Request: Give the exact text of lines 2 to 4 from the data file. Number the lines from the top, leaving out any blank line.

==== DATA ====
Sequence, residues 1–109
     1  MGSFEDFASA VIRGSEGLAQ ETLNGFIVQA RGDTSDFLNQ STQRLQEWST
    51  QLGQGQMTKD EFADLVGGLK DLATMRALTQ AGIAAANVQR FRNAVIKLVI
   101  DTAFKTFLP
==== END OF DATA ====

     1  MGSFEDFASA VIRGSEGLAQ ETLNGFIVQA RGDTSDFLNQ STQRLQEWST
    51  QLGQGQMTKD EFADLVGGLK DLATMRALTQ AGIAAANVQR FRNAVIKLVI
   101  DTAFKTFLP